Giving Out Hope at Good Neighbor Awards Gala

The Good Neighbor Awards, which is now in its 14th year, recognizes REALTORS® who have made an impact on their communities through volunteer work. This year’s dinner, held at the Westin San Francisco hotel, had a record turnout of 180 attendees, including the highest number of past and present Good Neighbors who came to support the newest inductees to the Good Neighbor Society.

The five 2013 Good Neighbor Awards winners — who were each given $10,000 grants toward their charities — were recognized in front of 6,000 REALTORS® earlier in the day at the General Session, where keynote speaker Hillary Clinton highlighted each of their efforts individually and thanked them for their important work.

“You all are an incredible inspiration to all of us as leaders in your community,” Pamela Kabati, NAR’s senior vice president of communications, told the audience at the dinner.

It was a particular show of appreciation and commitment to Good Neighbors that Davis was able to make it to the reception, coming all the way from Boca Raton, Fla.: He underwent quadruple bypass surgery just nine days prior.

He spoke of his work with The Rotary Club of Boca Raton, mentoring underprivileged children at a charter school and helping them attain a high school diploma.

“Some of these kids have no parents at home, they struggle with drugs and alcohol, sometimes they’re immigrants,” Davis said. When they finally get their high school diploma, “you’d think they were getting their master’s degree, they’re so excited. … You see them embrace the confidence that comes with realizing a dream.

“Giving to people less fortunate makes you appreciate your blessings,” Davis continued. “We know we can’t save them all, but we’re giving each one a chance.”

Bernice Helman said her commitment to the United Way of the Wabash Valley is deeply personal. It’s because of the struggles in her own life that she believes so strongly in giving back to her community in this way.

“My family was destroyed by drug abuse for 32 years,” she said. Her brother had fallen into a life of drugs and is now serving jail time for using and distributing meth and operating a meth lab, she said. She’s watched her brother’s children go down the same destructive path.

“We all have struggles and crosses to bear, but you never have to look far before you find a neighbor with a bigger problem than yours,” Helman said. “I have learned that if you make a commitment to do good and pay it forward, your life will be blessed. … I know I can’t solve the world’s problems, but I know I can help innocent children who are victims of other people’s poor decisions.”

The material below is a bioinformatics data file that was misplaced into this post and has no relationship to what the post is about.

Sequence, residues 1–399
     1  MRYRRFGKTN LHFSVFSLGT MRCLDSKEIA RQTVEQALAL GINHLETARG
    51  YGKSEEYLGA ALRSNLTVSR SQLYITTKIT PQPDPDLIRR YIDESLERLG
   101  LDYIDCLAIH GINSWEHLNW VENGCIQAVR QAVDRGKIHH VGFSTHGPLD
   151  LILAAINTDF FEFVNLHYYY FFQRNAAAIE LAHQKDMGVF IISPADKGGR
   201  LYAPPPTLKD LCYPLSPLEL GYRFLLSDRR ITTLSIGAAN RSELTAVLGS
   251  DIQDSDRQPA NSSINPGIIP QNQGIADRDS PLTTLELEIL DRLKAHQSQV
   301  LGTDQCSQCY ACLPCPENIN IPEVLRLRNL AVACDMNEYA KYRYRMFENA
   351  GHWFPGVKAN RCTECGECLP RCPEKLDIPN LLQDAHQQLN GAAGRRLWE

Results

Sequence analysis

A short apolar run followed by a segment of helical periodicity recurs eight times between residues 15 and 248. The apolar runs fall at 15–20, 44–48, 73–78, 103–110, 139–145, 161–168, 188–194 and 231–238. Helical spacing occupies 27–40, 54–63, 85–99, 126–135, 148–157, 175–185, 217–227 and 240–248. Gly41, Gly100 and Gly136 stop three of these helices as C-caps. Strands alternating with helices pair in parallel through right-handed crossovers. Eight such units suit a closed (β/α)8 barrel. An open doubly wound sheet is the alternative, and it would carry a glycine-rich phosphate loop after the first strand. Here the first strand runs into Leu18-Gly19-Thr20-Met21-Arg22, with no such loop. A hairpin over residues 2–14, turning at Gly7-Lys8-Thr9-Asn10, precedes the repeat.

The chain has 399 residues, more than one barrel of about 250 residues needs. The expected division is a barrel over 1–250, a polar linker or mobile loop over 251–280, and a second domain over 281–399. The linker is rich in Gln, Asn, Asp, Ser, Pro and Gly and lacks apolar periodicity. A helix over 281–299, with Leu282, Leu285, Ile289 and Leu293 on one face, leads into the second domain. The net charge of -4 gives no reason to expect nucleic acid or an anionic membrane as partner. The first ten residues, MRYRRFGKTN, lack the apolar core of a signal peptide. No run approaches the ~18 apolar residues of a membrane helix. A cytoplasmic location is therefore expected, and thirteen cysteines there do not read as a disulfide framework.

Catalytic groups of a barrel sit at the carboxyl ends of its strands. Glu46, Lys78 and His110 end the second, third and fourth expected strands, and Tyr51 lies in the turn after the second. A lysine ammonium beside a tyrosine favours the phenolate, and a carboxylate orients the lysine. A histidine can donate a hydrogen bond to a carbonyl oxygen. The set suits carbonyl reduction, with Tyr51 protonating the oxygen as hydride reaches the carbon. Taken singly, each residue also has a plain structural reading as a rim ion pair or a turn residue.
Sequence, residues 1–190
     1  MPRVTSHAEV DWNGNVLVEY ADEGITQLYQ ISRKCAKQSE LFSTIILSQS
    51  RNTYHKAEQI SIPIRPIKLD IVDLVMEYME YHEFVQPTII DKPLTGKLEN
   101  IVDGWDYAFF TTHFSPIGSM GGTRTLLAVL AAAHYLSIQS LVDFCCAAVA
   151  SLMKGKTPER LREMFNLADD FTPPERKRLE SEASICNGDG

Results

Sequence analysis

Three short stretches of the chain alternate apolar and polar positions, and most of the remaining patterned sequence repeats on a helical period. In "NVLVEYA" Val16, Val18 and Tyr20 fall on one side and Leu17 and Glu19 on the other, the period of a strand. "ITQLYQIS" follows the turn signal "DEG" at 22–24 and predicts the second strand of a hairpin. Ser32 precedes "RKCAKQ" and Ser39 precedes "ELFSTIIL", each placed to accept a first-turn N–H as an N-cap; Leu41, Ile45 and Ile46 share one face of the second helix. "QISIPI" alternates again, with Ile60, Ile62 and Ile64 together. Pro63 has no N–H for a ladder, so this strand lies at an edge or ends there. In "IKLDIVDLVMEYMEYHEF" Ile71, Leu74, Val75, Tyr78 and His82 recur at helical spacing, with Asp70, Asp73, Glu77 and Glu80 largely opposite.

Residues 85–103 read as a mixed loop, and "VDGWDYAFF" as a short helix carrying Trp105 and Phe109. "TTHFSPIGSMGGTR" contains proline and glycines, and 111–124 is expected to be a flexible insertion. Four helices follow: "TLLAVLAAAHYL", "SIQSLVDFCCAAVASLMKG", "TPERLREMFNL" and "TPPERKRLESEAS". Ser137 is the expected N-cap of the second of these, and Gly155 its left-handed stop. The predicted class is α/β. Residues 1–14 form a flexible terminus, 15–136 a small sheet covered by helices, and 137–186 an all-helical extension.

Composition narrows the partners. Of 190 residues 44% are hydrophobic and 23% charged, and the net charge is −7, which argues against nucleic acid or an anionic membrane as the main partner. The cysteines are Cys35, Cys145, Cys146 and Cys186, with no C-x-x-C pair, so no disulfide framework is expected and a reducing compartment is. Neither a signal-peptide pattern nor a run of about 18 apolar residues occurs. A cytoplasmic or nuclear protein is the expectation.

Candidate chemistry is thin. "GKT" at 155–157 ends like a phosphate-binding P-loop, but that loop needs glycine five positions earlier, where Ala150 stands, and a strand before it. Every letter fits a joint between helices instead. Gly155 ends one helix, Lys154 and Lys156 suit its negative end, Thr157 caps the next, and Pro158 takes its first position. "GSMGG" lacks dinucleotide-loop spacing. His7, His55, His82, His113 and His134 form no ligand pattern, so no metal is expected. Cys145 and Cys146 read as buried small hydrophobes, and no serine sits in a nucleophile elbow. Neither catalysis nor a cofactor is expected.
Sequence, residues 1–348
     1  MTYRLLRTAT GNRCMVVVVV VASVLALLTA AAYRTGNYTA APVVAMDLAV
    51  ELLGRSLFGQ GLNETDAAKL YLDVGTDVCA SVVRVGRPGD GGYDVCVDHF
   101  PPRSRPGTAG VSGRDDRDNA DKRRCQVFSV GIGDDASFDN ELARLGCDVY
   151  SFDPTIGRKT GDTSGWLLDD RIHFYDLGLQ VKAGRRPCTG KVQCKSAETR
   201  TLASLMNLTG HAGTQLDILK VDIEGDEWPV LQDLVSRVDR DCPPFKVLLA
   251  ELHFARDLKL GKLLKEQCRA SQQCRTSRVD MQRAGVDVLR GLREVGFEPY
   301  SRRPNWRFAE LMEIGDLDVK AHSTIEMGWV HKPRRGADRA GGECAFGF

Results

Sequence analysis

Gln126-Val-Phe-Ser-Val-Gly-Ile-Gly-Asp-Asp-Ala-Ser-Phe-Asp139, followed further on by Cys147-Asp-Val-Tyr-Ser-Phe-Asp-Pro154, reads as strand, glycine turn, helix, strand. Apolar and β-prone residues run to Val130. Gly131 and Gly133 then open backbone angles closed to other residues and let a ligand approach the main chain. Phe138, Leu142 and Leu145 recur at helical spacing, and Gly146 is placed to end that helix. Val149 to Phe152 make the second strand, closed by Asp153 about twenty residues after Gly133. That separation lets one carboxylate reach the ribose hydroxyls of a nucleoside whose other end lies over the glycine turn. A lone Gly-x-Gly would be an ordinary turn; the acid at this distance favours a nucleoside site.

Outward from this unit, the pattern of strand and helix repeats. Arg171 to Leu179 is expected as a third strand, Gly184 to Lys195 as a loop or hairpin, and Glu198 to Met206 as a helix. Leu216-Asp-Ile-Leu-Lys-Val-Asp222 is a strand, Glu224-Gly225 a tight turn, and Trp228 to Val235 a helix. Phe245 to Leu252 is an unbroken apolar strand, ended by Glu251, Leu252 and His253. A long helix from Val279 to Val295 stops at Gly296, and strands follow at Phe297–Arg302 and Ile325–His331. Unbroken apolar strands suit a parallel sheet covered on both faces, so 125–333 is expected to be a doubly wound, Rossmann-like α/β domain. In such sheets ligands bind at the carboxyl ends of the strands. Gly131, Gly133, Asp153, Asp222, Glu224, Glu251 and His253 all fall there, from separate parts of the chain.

For Tina McDonough, her tireless efforts to assemble a team of fundraisers for Susan G. Komen for the Cure is about celebrating life, not reviling death. She’s supported many women battling breast cancer, and she remembered how many of them felt hopeless. That’s exactly why she does what she does.

“People need hope,” McDonough said. “This is life or death for so many.”

She recalled a friend who was diagnosed with breast cancer and feared that if her diagnosis had come 20 years earlier, before the advancements made in breast cancer research, she would have been destined to die young.

“Every major advancement in breast cancer research has come from a Susan G. Komen grant,” McDonough said. Her $10,000 grant will be used to reward her team members for raising money for the organization: The first 10 members to raise $1,000 in new donations will get a $1,000 cut of the grant, she said. “It helps me motivate my [team] to get them out of their comfort zones and find new donors. This team will never give up because everyone deserves a lifetime.”

Joel Pratt learned how to turn tragedy into a miracle, telling of the death of his beloved wife and how it fueled his desire to help others through, a site that matches living donors with patients who need an organ transplant.

“Losing a life taught me how to save a life,” said Pratt, whose wife died in 1998 after a three-year battle with breast cancer. “I feel undeserving of this award because the real heroes are those organ donors who joined”

Pratt asked everyone in the audience to spread the word about, saying every referral could potentially save a life – perhaps one of the 19 people that die every day waiting for a transplant.

“I’m looking to you, my fellow REALTORS®, to help me save more lives by telling everyone you know about,” he said. Pratt plans to use his $10,000 grant to pay for 18 lifetime memberships to Matching for patients and organ donors looking to help.

A wish comes true for Kristina Rhodes every time one is granted for a child in need, Rhodes said. She recalled several kids who touched her heart during her time volunteering for the Make-A-Wish Foundation.

There was the young girl suffering from a debilitating muscular disease who wished for a computer to keep in contact with friends and family so she didn’t feel so alone; a brother and sister with a rare skin ailment who wished to play baseball with the Yankees and go on a shopping spree on Rodeo Drive; a young boy battling cancer who dreamed of a trip to Hawaii.

“With each and every wish I grant, my passion increases,” Rhodes said. “As a wish granter, I get to witness firsthand the impact a wish has on a child’s life.”

She said that there are far more people out there who need a wish granted, and she encouraged more people to get involved with Make-A-Wish.

“This is a time to celebrate life, not focus on illness,” Rhodes said.

To continue supporting REALTORS®’ charitable efforts in their communities and to support new projects, the Good Neighbor Society announced at the dinner that it is expanding its mentorship program. It will now offer advice to any REALTOR® working on a charitable project. Contact Sara Geimer at and a member of the society will respond to requests or identify the right person to address questions.